What is Cherry Eye in Dogs and How Can it be Treated?

Cherry eye in dogs is an eye condition caused by the weakening or tearing of tissue that supports the tear glands. It causes a red, prominent bulge to form near the inner corner of the eye. This condition can be treated successfully and there are several ways to do so. With proper diagnosis and treatment, cherry eye in dogs can be corrected with minimal risk of recurrence. Read on for more information about this common canine issue and learn how it can be treated.

What is Cherry Eye in Dogs?

Cherry eye in dogs is an eye disorder that occurs when the third eyelid’s tear gland becomes swollen and protrudes from the inner corner of the eye. The medical name for this condition is known as prolapsed gland of the third eyelid, or nictitans gland prolapse. This gland is responsible for producing more than 30% of the tears produced by a dog’s eyes.

Although cherry eye can affect any breed of dog, it is seen most frequently in young dogs with short noses such as Boxers and Bulldogs. Typically, only one eye will be affected but occasionally both can be involved. Depending on the severity, signs of cherry eye may appear suddenly or gradually over time and include a visible red mass in the inner corner of the affected eye, excessive tearing, conjunctivitis (inflammation of the white part of the eye), painfulness or redness around the eye area, irritation, discharge and light sensitivity.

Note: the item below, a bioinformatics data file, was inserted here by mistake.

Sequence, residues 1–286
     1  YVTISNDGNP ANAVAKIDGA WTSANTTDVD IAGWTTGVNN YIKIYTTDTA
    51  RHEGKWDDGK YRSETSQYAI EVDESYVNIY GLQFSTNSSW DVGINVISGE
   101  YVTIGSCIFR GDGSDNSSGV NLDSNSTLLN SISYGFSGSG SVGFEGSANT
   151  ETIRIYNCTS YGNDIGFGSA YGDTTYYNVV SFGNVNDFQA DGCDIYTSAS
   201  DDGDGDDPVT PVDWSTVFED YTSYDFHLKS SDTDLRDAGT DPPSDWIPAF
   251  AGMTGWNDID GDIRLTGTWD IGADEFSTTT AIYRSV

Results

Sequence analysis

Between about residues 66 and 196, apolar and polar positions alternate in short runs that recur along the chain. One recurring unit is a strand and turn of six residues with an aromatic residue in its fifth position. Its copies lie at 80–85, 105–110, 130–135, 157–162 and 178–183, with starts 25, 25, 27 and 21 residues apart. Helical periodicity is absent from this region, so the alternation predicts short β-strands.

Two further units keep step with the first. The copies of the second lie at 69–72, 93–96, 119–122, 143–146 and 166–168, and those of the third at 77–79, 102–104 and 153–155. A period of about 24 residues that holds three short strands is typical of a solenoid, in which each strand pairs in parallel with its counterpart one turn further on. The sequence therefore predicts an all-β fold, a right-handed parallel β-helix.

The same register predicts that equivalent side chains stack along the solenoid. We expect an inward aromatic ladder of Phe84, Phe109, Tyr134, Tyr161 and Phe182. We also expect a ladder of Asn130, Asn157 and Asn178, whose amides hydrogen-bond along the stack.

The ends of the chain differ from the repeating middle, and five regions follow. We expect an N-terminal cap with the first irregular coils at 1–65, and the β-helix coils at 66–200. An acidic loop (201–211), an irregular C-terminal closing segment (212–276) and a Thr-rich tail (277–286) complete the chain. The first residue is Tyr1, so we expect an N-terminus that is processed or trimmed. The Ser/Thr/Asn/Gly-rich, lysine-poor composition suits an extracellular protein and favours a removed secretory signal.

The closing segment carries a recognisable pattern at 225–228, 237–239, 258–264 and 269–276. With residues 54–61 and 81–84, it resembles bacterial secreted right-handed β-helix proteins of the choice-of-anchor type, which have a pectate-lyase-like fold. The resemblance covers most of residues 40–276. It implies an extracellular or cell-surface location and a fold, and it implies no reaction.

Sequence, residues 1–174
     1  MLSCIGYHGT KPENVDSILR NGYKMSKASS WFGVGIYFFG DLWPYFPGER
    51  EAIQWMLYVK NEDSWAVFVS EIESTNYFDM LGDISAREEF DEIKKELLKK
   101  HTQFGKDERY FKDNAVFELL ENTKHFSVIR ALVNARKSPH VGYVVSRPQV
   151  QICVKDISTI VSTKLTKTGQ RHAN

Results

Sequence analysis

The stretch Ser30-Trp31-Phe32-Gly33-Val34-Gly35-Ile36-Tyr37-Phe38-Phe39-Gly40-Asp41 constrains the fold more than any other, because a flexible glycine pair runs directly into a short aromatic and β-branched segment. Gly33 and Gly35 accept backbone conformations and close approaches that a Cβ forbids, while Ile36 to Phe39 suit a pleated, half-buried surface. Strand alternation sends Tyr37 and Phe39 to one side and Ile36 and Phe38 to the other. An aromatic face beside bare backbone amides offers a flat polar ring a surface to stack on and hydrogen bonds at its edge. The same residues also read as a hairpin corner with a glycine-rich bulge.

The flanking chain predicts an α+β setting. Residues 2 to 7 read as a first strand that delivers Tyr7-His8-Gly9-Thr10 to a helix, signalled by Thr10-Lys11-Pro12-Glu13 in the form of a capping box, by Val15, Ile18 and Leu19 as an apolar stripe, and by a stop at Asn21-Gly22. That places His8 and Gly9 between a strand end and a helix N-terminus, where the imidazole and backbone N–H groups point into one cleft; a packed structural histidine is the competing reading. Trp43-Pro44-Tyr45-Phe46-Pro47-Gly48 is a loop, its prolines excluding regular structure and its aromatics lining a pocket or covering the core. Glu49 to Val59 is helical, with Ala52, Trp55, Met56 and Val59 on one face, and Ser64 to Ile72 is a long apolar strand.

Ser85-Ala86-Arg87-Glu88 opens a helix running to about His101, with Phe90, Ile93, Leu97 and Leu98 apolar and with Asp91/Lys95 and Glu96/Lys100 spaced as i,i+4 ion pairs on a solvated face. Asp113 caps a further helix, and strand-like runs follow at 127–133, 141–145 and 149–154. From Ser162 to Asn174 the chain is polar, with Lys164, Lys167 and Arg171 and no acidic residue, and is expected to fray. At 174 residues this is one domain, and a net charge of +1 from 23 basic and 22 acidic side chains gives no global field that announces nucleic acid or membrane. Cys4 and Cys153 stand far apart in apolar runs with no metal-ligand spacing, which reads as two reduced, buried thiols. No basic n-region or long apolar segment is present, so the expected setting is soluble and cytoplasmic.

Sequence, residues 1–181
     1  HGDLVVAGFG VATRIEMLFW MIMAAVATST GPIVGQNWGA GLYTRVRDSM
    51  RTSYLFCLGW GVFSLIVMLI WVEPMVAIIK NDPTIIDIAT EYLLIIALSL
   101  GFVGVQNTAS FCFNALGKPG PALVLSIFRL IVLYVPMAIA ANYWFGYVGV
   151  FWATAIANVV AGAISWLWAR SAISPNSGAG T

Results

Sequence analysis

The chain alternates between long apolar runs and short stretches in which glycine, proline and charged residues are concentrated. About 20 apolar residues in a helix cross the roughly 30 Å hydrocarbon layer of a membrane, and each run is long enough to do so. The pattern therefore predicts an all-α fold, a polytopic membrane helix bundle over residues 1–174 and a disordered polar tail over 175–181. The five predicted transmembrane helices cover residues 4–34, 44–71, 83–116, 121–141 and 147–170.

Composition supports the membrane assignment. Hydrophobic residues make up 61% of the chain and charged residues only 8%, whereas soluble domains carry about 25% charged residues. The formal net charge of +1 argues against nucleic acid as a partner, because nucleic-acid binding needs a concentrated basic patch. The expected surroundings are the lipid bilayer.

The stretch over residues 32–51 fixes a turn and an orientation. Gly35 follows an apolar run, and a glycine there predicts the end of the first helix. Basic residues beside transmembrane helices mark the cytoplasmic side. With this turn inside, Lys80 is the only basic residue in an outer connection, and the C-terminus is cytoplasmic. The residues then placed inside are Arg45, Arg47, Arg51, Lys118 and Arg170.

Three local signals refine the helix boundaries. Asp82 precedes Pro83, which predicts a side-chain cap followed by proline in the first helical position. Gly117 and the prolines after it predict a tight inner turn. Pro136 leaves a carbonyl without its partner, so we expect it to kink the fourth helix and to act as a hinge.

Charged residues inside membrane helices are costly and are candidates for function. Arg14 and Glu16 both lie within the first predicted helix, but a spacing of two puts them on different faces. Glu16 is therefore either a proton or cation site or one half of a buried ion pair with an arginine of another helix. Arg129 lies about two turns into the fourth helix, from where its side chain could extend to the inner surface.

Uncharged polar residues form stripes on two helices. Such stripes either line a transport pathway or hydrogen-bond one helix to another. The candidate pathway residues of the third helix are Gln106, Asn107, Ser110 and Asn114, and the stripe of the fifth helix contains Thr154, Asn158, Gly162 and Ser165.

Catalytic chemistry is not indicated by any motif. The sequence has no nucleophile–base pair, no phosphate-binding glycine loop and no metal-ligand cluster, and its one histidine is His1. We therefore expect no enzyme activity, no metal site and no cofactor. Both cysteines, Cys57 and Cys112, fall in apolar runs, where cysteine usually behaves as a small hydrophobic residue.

Many times, no underlying cause is found for cherry eye though trauma can sometimes be attributed to the condition. If not treated, long-term problems with vision can occur due to corneal ulcers and, if left untreated long enough, eventually lead to blindness. A veterinary ophthalmologist should be consulted if you suspect your pet has cherry eye and treatments may range from topical medications to surgery depending on severity.

Symptoms of Canine Cherry Eye

Canine cherry eye is a condition in which the third eyelid gland of a dog prolapses and pushes forward to form a red bump called a “cherry eye” in the corner of the dog’s eye. This condition is also referred to as nictitans gland prolapse or a prolapsed gland of the third eyelid.

The exact cause of canine cherry eye is unknown, but some breeds are predisposed to it due to anatomical traits that hereditarily predispose them. Since it affects the eyes, early diagnosis and treatment is important for swift recovery and reduced chance of complications. It can lead to irritation, uncomfortable rubbing of their face, decreased vision and sometimes ulceration if left untreated.

Common symptoms of canine cherry eye include redness or swelling around the eye accompanied by mucous discharge from the corners of the third eyelid. If accompanied with pain, itching and squinting can be observed in your pet throughout this condition. Other signs may include tearing or developing cloudy material on the eyeball surface, gagging or drooling excessively and problems blinking or keeping an eye shut.

Treatment Options for Cherry Eye in Dogs

Cherry eye in dogs is an abnormality of the third eyelid, also known as the nictitating membrane, that results in a red, swollen “cherry” appearing in the corner of the dog’s eyes. While it can be quite dramatic to look at, cherry eye is usually a minor medical condition with many treatment options available.